In the past 30 years, prediabetes (elevated fasting or post-meal blood sugar below the levels required for diagnosis of type 2 diabetes) has grown into a major epidemic affecting nearly one in three adults. Previous studies have shown that combining aerobic exercise and diet can restore normal glucose levels in these individuals. However, the effects of resistance exercise – an important alternative to aerobic exercise – on post-meal blood sugar concentrations has not been investigated. This study reviewed how one hour of resistance exercise performed before meal consumption alters post-meal blood sugar concentrations, as well as how those changes occur in middle-aged, obese men with prediabetes. They found that resistance exercise mitigates the incremental increase in blood sugar after meal consumption. The change was due to:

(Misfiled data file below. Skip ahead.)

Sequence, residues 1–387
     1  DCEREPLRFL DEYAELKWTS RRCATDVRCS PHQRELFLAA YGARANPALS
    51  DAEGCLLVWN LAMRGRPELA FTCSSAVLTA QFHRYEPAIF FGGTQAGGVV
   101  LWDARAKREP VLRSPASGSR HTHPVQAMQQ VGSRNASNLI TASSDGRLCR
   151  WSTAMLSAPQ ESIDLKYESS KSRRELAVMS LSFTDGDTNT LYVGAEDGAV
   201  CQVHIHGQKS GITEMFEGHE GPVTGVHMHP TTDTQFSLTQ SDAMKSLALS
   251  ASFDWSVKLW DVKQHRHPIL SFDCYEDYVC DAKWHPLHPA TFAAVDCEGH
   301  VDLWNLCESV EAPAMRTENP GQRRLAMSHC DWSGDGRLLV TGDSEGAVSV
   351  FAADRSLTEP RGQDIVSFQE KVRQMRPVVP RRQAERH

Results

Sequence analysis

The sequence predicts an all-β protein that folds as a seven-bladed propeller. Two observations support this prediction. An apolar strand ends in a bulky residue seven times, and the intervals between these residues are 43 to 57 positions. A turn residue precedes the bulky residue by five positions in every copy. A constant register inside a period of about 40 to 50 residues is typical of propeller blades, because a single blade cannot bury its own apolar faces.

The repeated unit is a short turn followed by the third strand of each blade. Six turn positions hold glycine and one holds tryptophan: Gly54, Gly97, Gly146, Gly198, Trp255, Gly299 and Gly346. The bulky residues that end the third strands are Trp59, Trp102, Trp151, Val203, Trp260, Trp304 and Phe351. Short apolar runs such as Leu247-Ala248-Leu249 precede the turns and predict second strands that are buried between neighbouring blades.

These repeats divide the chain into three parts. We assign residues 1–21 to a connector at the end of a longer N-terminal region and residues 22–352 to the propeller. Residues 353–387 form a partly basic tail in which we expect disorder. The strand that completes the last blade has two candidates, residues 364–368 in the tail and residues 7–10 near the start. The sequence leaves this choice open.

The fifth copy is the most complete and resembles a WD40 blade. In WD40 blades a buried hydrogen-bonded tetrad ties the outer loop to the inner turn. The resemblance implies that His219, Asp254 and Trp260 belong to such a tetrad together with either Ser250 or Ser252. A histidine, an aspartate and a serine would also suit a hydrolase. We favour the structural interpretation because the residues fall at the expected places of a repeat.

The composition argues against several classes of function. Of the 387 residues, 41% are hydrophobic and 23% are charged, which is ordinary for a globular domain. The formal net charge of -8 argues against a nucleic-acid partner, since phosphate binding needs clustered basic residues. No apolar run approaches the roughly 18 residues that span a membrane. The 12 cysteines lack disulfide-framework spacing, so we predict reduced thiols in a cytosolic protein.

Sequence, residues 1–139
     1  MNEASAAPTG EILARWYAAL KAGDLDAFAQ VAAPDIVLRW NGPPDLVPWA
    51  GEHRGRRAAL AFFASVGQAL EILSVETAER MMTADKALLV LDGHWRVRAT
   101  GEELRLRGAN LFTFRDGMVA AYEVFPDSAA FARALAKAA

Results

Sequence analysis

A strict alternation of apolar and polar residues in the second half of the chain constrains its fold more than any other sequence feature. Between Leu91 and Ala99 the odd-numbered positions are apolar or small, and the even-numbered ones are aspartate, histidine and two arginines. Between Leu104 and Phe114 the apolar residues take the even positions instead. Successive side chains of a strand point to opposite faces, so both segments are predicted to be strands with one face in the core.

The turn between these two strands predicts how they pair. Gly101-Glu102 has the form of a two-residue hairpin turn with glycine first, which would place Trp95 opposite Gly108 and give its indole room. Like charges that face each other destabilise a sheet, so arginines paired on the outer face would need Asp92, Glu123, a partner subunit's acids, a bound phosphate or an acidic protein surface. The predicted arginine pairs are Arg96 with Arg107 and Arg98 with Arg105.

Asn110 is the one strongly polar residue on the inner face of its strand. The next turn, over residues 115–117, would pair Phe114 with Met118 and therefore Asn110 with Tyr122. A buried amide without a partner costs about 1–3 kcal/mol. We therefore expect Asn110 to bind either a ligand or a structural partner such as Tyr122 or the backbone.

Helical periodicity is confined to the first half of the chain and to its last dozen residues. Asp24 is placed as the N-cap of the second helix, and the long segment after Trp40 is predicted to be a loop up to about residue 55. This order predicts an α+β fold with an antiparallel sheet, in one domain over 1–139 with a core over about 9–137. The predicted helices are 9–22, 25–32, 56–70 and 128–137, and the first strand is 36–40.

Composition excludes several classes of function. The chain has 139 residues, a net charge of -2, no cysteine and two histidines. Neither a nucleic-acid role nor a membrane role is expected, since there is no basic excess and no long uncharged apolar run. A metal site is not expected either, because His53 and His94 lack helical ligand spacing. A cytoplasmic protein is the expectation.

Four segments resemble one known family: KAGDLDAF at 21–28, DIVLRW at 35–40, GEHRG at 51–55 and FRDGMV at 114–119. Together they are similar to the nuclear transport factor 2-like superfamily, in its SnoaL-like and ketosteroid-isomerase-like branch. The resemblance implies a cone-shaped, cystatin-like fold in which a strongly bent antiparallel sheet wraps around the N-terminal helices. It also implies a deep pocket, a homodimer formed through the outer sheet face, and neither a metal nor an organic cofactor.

- An increase in insulin sensitivity (a hormone that promotes glucose uptake in tissues to clear glucose from circulation); and
- Reduction in how quickly glucose enters circulation after the meal
The study results suggest that resistance exercise could be an important treatment option for obese men with prediabetes, especially for those who have difficulty with aerobic exercise.